Why a pop-up camper?
For the first iteration of my expedition camper, I decided on a Cummins powered Dodge Ram with a utility bed and a pop-up camper. A powerful and efficient Cummins turbo diesel engine with its legendary reliability would provide the heart and soul of my expedition camper. A 138-inch wheelbase quad cab Ram would let me carry my photo gear or up to three passengers in the cab, and still provide room for a decent sized camper. The utility bed would provide both storage space and a strong foundation for the pop-up camper.
After less than a year of use, the Cummins powered Ram had proven to be a strong and reliable base vehicle, but the pop-up camper became increasingly frustrating to me. In Denali National Park Alaska I shivered through 15 degree nights while my water supply froze. I simply couldn't carry enough propane to heat the pop-up camper. Throughout Southeastern Alaska, I struggled to fall asleep in a wet sleeping bag soaked from the my leaking tent camper. With no hot water or shower in the camper, I was in a constant search for campgrounds with shower facilities. I had grown weary continually repairing and replacing camper components shaken apart by rough roads. After a four month Alaska trip, my pop-up camper had worn out its welcome for me and I began to dream of a true expedition camper. The pop-up camper's claimed benefits of less wind drag and lower center of gravity were in my mind grossly overshadowed by its performance in an expedition environment.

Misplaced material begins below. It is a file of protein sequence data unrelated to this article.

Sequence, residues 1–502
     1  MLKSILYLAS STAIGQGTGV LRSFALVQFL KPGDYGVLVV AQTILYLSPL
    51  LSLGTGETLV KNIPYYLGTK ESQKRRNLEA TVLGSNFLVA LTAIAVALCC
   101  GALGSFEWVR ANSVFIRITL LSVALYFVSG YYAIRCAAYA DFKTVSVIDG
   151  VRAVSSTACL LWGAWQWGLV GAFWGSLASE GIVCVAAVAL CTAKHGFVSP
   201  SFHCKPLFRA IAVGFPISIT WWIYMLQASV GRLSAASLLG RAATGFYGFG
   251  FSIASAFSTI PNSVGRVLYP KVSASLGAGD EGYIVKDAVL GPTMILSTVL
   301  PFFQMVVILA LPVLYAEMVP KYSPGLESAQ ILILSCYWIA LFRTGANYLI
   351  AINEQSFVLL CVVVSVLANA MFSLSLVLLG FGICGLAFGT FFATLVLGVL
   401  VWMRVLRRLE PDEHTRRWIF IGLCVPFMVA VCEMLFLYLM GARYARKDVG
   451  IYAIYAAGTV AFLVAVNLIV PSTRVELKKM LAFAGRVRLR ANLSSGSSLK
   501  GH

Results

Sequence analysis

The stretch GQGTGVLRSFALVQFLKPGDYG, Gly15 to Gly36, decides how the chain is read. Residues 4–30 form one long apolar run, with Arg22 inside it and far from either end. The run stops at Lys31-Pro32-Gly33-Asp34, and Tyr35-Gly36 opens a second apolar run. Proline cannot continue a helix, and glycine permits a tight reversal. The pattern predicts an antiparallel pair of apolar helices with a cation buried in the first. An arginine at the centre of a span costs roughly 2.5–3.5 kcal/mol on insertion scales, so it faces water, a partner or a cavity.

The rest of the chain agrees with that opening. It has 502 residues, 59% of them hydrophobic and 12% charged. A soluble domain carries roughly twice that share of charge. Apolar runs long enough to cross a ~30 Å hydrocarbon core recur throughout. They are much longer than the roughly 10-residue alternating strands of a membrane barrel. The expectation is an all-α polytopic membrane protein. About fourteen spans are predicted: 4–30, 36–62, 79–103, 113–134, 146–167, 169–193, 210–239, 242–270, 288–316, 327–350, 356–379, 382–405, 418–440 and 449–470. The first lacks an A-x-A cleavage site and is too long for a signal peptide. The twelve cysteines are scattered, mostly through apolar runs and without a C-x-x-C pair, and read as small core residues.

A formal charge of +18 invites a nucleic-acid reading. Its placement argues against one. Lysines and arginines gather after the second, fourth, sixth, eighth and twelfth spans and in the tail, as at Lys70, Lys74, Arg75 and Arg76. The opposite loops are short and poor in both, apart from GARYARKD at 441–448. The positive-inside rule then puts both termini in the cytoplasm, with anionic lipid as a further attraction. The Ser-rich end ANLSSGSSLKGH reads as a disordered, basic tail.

Dave Fritz has a pop-up camper and uses it extensively. Check out Dave's Dodge Ram site for another owner's experience with a pop-up camper.